The Dangers of a Marijuana Gold Rush

Pot legalization is coming. What we can learn from Colorado and Washington.

My neighbor’s son packed up his car and headed west to find his fortune, like thousands of other people who heard about a modern day gold rush.

But it isn’t a pot of gold they seek, just pot. Specifically, the business of pot.

The hope of those filling the west-bound highways in a modern wagon train is that they will learn the business of legalized marijuana in Colorado and Washington and then come home to open their own businesses as more states see the tax benefits of legalization.

Early reports from the West are positive, or at least they were. Both Washington state and Colorado report a huge tax influx to the treasuries and a strange side benefit – crime is down: win-win.

Not quite.

One of the media interlopers who ventures west to find out what this whole pot craze is about was the terminally acerbic New York Times columnist Maureen Dowd. Dowd decided to try some legal pot-filled chocolate in her hotel room and ended up temporarily paralyzed in a fetal position on the hotel room floor, fearful she had died and no one told her.

The next day Dowd was told that the chocolate bar she ate should be broken up into 16 pieces for novices.  She was given no instructions and there was none on the packaging. A website called The Cannabist took the time to interview the people who sold the chocolate to Dowd. They say Dowd was given a thorough explanation of how to ingest the chocolate pot. Dowd did not answer The Cannabist’s request for a response.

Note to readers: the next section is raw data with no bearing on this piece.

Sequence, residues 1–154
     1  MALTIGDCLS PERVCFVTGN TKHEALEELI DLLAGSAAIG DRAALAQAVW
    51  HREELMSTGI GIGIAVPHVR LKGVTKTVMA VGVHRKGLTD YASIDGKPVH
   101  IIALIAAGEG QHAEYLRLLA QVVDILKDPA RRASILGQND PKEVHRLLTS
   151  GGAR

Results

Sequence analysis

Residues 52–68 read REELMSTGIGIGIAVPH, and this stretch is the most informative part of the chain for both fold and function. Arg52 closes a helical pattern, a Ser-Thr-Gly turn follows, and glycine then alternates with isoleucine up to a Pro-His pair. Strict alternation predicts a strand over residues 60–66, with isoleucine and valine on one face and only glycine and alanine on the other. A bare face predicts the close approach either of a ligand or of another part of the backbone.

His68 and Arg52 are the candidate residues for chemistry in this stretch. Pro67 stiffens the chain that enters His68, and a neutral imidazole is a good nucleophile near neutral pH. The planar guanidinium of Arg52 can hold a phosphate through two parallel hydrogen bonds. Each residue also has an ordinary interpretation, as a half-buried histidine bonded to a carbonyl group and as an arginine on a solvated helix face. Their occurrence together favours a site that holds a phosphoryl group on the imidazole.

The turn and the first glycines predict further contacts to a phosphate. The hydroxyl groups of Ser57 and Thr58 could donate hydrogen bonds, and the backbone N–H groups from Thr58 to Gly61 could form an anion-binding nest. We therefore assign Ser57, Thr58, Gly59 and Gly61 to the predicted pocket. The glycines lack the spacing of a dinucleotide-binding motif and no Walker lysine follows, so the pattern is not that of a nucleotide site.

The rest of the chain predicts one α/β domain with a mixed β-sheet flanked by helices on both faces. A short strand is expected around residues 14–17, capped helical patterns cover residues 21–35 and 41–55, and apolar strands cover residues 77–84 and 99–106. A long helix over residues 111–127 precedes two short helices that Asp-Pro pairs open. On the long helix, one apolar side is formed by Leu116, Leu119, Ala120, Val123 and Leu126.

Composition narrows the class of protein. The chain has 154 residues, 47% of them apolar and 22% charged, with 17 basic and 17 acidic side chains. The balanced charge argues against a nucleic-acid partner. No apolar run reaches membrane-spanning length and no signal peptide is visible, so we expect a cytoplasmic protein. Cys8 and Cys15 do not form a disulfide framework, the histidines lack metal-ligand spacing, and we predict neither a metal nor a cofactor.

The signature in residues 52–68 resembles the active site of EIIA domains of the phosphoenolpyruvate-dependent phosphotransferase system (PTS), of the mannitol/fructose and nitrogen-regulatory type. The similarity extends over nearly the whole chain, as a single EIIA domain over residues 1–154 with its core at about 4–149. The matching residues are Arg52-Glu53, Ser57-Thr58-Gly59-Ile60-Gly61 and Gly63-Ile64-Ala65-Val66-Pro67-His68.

The Dowd column has gone viral and has provoked a slew of reaction columns because it gets to the core problem with legalized pot.  People who are not regular pot users will try it, may overdo it and then have an adverse reaction: adverse reactions like falling off a balcony to your death or shooting your wife.

There seems to be little question that pot will be legalized in every state because of the immense tax benefits and the fact that the benefits have thursfar outweighed the risks.

But we cannot and should not ignore what is happening in Colorado or Dowd’s column, even if she did ignore long and explicit warnings not to eat the whole bar. Colorado and Washington are doing every other state in the union a favor by being the beta testers.

The problems are easily fixable, but there are many:

– Warnings and instructions should be put on the packaging of legalized edible marijuana. The pot dispenseries are fighting this, but should want it for legal reasons alone.

– There is really no good reason to sell pot-laced candy that is attractive to children. The Colorado legislature is dealing with this now and the practice is expected to end.

– Finally, there have to be some standards and maximums for the THC level, the chemical in pot that causes the user to get high.

I should point out that I am not a pot user.  I tried it in college and ended up in a Dowd-like state.  It’s just not for me.  But I clearly understand that the arguments for its legalization far outweigh those for its continued prohibition.  I also see the same thing happening with legalized pot that happened with state lotteries, casinos and legalized gambling: Morality crumbles under the weight of government greed.

Pot is coming.  And we should all thank Maureen Dowd’s claimed near-feels-like-death experience for sounding the alarm that should make it safer.

Follow @LarryMendte on Twitter.

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